Monochromatic photographs add a timeless quality to an image. With the help of social media, Saudi Arabia is in the spotlight as outsiders finally look in.
British-Nigerian photographer Folake Abbas, a lecturer teaching academic writing and research methods to engineering students at Jeddah’s King Abdul Aziz University since 2013, has been taking photographs for as long as she can remember, and is gaining popularity in the Saudi art scene for her black and white photographs of the Kingdom’s varied architecture, cultural scene, street life and more.
She started taking photographs in the Kingdom “almost immediately after I arrived in Jeddah. A friend took me to Al-Balad and I fell in love with the place immediately, and I’ve had a very strong connection to Al-Balad ever since,” she told Arab News.

I will always remember Saudi Arabia with a lot of fondness, for it was here that I discovered myself as a photographer.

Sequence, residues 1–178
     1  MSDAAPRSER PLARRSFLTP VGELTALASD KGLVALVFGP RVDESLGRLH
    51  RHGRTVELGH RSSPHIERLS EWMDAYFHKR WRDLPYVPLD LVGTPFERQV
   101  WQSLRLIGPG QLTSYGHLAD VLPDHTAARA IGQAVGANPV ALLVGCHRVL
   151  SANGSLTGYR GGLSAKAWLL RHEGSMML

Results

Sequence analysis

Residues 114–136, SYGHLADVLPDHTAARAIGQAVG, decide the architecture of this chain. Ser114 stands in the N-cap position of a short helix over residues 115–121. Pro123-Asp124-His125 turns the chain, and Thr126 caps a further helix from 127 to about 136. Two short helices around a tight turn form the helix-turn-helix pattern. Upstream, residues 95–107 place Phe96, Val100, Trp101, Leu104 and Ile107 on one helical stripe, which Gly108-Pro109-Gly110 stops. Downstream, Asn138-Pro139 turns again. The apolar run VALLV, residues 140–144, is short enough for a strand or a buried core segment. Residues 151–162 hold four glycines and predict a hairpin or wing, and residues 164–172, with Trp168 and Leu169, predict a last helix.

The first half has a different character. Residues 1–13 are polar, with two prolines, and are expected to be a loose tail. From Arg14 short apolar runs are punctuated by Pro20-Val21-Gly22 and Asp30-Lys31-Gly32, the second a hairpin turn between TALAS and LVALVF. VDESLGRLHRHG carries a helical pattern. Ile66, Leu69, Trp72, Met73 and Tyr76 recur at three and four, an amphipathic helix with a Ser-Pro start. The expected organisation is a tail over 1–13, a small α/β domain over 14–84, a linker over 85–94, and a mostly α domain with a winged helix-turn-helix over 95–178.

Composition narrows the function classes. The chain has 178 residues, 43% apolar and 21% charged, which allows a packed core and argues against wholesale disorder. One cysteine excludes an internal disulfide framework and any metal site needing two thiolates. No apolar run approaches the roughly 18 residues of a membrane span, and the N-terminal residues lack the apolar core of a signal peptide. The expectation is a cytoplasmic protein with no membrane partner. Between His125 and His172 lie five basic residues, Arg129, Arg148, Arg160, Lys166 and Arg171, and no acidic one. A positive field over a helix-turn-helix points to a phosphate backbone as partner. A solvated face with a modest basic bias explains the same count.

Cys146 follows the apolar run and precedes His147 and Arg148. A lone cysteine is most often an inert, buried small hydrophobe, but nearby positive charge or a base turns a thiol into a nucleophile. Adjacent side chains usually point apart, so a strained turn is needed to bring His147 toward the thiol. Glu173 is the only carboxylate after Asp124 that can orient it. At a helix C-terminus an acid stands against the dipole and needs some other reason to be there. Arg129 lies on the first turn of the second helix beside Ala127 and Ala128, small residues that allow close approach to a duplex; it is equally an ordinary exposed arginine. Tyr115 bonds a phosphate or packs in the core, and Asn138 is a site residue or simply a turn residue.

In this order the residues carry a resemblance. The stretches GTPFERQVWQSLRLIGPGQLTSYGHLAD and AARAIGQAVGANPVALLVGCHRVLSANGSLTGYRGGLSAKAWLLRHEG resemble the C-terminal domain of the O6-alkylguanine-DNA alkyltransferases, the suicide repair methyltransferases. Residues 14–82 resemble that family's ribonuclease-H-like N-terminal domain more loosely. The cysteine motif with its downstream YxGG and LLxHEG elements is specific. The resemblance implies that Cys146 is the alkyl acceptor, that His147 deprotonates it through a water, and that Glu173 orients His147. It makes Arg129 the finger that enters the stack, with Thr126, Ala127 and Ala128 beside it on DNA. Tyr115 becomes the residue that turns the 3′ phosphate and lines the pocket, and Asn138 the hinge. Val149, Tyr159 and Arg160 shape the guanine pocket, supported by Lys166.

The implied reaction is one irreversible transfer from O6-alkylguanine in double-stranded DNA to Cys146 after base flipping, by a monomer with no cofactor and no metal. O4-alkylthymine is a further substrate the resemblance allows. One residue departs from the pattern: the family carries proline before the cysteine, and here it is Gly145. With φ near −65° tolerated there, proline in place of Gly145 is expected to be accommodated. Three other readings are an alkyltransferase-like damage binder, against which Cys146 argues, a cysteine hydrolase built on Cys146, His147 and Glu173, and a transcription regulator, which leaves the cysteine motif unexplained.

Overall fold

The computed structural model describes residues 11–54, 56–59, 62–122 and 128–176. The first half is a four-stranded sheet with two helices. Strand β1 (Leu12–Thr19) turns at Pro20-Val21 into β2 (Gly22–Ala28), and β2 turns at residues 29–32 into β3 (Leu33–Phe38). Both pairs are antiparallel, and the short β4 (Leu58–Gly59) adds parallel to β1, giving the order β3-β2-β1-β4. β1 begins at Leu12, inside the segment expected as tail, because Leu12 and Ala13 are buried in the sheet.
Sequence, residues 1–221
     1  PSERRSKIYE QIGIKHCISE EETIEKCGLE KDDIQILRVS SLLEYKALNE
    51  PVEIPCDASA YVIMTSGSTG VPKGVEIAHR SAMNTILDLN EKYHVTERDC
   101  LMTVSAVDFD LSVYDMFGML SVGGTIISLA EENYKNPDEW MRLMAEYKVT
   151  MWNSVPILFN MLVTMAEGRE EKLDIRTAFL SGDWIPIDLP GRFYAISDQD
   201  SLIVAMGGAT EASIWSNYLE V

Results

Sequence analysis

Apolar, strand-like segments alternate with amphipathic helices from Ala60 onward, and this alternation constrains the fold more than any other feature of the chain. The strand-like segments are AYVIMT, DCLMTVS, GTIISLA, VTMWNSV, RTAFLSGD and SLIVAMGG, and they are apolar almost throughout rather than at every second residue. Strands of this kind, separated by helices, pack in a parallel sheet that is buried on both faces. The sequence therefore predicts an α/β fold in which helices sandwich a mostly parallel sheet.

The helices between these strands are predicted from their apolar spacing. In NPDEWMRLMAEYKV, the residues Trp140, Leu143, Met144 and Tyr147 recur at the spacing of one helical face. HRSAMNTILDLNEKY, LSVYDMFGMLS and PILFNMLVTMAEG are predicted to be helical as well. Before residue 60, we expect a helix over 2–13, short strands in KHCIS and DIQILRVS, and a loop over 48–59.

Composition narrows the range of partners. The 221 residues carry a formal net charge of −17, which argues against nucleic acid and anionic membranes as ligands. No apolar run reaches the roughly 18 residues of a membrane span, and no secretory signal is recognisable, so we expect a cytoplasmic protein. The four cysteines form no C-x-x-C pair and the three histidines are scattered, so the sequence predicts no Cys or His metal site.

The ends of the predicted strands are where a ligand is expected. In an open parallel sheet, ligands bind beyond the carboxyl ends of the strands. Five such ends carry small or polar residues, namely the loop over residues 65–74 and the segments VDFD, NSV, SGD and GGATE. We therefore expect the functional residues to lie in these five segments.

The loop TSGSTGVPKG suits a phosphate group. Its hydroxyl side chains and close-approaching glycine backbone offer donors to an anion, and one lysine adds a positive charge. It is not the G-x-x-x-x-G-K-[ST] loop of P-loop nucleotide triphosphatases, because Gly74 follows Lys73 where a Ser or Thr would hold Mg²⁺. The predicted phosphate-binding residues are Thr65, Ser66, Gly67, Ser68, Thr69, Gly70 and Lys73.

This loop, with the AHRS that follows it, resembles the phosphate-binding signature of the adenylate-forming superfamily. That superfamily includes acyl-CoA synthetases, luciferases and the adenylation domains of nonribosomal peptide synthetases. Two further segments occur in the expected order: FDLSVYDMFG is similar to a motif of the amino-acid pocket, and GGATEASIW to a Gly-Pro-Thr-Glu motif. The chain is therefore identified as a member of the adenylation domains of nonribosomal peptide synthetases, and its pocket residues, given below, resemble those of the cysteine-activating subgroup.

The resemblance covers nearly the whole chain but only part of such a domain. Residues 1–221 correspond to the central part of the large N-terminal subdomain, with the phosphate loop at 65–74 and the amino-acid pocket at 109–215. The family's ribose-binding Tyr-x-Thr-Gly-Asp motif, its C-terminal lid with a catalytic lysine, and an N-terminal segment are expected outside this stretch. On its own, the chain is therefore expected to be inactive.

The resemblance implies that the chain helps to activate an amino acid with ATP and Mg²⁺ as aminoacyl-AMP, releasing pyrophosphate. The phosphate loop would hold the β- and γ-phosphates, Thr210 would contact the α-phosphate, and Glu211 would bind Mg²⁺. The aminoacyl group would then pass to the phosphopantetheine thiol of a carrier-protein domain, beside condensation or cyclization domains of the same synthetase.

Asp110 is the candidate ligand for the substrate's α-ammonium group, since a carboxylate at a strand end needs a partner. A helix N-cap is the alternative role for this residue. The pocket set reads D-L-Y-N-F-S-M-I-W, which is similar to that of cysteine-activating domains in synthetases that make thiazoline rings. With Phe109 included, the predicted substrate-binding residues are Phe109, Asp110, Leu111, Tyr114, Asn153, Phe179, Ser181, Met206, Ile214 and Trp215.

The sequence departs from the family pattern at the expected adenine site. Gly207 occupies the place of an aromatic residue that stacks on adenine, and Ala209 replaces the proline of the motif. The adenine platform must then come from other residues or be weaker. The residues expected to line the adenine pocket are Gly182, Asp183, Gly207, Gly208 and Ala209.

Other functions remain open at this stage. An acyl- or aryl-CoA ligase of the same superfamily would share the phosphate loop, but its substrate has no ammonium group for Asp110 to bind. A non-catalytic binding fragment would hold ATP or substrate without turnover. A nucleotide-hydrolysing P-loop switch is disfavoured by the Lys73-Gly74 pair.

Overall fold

Folake Abbas

“A lot of people there know me because I take their photographs most of the time — it’s a place that I’m drawn to and that I feel very comfortable photographing. I’ve been there many times and have taken thousands and thousands of photographs to attest to that,” she added.
Abbas has developed her style through the years, experimenting with different tones of gray and shadows ever since she, alongside a group of fellow Nigerian photographers while visiting home, challenged each other to switch from colored to monochrome as an experiment for the whole of 2019, participating in the hashtag #2019ayearinblackandwhite on Instagram, and she’s never looked back.
She told Arab News that she’s been inspired by some of the greatest black and white photographers of all time such as Ansel Adams, Vivian Maier, Henri Cartier-Bresson, Mary Ellen Mark and Dorothea Lange.

HIGHLIGHT

Abbas has developed her style through the years, experimenting with different tones of gray and shadows ever since she, alongside a group of fellow Nigerian photographers while visiting home, challenged each other to switch from colored to monochrome as an experiment for the whole of 2019, participating in the hashtag #2019ayearinblackandwhite on Instagram, and she’s never looked back.